Many of those people care about national problems and take the time to think about innovative ways to attack them. Sometimes those ideas take the form of complete integrated solutions; more often, they comprise a single flash of insight or a unique way of looking at the problem. In either case, having come up with such ideas, how do they make themselves heard?
The answer is, they usually can’t — at least not without shouting so long and so loud that their entire lives are consumed by the effort. They can write to their elected representatives but elected representatives are not looking for solutions from constituent mail: they are swamped just dealing with complaints about some government agency, requests for intervention with some other government agency, unhappiness about some piece of legislation, and general paranoia. They can write a letter-to-the-editor but, even if it is published, how can they describe a solution to a complex problem in the two paragraphs available to them? And, since newspapers often seem to reserve half their letter space for people shouting from the extremes, who takes those letters seriously, anyway? They can write a book, if they happen to be writers as well as thinkers, but how do they get it published and who will buy it? They can run for office but many sane people would rather stay sane.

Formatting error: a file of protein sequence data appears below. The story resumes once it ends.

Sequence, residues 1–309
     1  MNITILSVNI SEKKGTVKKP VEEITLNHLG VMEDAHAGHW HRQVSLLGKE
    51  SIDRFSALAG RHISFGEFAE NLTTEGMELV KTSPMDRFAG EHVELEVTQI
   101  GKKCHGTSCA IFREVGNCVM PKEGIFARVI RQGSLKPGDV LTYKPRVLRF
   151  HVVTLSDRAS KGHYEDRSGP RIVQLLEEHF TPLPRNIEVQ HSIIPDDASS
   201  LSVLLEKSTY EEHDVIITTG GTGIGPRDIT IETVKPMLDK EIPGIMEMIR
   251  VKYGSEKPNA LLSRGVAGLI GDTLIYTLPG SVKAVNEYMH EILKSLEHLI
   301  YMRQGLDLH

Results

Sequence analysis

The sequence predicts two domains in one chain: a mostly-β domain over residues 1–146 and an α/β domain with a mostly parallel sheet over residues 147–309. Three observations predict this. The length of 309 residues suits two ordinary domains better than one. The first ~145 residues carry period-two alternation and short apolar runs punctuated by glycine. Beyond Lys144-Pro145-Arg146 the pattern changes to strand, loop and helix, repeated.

In truth, unless they fall into one of the aforementioned categories of intellectual/political insiders, there is no avenue through which their ideas can travel to the places where policy is formed for a hearing. Instead, we rely on a few self-selected (and self-interested) intellectual authorities to propose sanctioned solutions, and on a few self-selected (and self-interested) political leaders to judge and promote them.